In this study we sought to expand on the previous study to better understand retention in HIV-care rates across Victoria, Australia by including a more comprehensive set of HIV-providers, including a wider geographical spread, those with lower case-burdens and more diverse models of care. This study sought to determine whether an intervention of cross-referencing patient data across a broader range of HIV-healthcare sites and contact tracing of patients with unknown outcomes would yield more accurate estimates of retention in HIV-care, and to compare these findings to those of the 2015 assessment. Another key purpose of the study is to ultimately maximise the individual and public health benefits of ART, by highlighting the importance of identifying those PLHIV with unknown outcomes, and for efforts to actively re-engage them in HIV-care.


The clinical network of HIV providers established for the initial study in 2015 was expanded to 15 HIV-care sites across Victoria: including 6 primary care clinics with specialist general practitioners (GP) with differing caseloads of PLHIV (Prahran Market Clinic, Centre Clinic, Access Health and Community, Northside Clinic, Armadale Family Practice and Health Works Co Health), one specialist sexual health centre (Melbourne Sexual Health Centre) and eight hospitals, two of which were in regional Victoria (Alfred Health, Monash Health, Melbourne Health, Western Health, Eastern Health and Northern Health in Melbourne, Barwon Health in Geelong and Bendigo Health in Bendigo). Each site had a secure, electronic data system to identify people with a diagnosis of HIV and their history of HIV VL testing. These were via dedicated databases at the hospitals and the sexual health centre, and using the practice management software systems of the primary care sites.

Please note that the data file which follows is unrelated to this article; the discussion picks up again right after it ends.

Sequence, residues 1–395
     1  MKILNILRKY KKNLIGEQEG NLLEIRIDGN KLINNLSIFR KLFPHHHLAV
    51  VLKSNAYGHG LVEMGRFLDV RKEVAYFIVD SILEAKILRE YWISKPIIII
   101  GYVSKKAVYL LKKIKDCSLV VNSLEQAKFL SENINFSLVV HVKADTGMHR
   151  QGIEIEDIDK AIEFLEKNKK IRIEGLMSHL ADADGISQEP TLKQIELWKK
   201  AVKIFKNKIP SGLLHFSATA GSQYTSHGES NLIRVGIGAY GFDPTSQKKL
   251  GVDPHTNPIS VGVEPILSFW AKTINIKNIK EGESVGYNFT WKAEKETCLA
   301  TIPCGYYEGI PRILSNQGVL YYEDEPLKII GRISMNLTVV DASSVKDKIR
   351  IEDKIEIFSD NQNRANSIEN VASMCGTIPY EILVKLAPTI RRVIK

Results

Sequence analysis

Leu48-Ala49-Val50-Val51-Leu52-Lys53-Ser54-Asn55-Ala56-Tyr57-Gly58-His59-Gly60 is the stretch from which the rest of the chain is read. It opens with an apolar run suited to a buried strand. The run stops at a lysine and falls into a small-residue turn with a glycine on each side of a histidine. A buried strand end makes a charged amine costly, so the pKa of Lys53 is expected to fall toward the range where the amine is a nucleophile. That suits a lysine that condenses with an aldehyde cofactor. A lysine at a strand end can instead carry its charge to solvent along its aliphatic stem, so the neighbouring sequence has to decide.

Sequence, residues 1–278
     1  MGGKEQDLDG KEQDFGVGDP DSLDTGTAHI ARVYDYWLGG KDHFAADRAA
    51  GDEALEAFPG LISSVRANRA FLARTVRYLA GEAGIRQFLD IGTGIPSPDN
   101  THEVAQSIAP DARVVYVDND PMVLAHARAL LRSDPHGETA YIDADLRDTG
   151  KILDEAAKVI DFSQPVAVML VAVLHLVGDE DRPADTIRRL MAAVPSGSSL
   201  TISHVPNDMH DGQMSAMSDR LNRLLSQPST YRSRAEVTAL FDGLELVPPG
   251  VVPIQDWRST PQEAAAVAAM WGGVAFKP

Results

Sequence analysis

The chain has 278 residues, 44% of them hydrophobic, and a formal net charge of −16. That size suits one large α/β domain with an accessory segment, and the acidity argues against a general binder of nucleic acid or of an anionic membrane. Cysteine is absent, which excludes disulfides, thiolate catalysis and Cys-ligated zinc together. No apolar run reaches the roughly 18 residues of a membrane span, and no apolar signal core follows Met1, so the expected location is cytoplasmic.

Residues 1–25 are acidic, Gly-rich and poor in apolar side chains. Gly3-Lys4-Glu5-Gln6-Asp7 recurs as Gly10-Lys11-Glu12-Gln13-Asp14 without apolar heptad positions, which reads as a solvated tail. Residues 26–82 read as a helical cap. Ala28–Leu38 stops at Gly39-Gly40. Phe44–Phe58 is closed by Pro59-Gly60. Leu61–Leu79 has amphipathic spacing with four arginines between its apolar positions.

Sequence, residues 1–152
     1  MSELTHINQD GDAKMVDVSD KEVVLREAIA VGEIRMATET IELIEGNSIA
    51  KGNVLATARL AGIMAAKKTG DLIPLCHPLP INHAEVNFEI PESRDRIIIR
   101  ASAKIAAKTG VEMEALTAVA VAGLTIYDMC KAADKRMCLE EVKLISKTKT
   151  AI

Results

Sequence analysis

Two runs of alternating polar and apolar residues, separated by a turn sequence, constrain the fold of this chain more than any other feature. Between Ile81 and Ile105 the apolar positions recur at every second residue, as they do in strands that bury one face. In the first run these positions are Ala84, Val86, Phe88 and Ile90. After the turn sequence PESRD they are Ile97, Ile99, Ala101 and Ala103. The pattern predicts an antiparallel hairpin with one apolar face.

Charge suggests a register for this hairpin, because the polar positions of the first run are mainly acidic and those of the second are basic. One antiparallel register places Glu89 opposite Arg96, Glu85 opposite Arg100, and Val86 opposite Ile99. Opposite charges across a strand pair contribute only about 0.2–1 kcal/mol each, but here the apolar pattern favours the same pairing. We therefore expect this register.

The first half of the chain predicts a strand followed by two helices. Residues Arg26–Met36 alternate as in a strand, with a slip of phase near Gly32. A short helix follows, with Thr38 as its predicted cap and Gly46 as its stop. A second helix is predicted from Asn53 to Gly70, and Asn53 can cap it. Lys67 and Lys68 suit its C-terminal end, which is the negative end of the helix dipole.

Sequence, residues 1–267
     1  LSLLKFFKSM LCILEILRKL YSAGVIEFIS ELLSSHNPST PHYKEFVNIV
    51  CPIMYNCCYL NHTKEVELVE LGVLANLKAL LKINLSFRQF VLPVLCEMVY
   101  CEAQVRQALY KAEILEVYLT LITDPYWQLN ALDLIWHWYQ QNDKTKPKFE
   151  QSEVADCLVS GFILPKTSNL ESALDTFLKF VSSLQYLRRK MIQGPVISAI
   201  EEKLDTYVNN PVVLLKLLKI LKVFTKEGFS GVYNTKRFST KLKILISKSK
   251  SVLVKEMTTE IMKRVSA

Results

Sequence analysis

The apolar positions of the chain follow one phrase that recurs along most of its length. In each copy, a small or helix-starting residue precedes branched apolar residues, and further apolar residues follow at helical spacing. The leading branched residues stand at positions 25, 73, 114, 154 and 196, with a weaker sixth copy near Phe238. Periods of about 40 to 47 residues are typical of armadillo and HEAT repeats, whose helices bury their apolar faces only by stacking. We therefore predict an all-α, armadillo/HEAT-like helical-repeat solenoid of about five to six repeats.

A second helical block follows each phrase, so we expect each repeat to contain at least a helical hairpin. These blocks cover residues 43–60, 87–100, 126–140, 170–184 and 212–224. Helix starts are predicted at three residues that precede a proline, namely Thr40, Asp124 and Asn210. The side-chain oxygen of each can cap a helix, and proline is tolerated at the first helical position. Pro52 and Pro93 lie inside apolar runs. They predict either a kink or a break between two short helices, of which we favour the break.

The following steps were taken to identify PLHIV and classify their HIV-care status. PLHIV were identified at each of the 15 study sites by reviewing if one or more VL had been performed in the period from 1 to 2016 to 1 January 2017. Patients were classified as retained in care if they had a HIV VL performed in both 2016 and 2017 calendar years. Patients were considered to have potentially unknown outcomes if there was a VL test in 2016 but not in 2017, and then were classified using the same definitions as in the prior study [6], (Table 1).

Table 1 Care categories and definitions

For individuals classified as ‘Unknown’ or ‘Unconfirmed transfer’ partially de-identified patient data was shared between participating HIV-care sites to try and confirm their outcome. Subsequently, for those who were still classified in either of these categories, staff from their HIV-care site attempted contact via telephone or email from their last known HIV care-site. If they were disengaged from care, they were invited to re-engage with HIV-care and re-classified as ‘Returned to care’ once there was evidence that the patient had attended for HIV-care. Therefore, the study intervention was: (i) cross-referencing partially de-identified data between sites followed by (ii) contact tracing of those individuals who remained after cross-referencing between sites.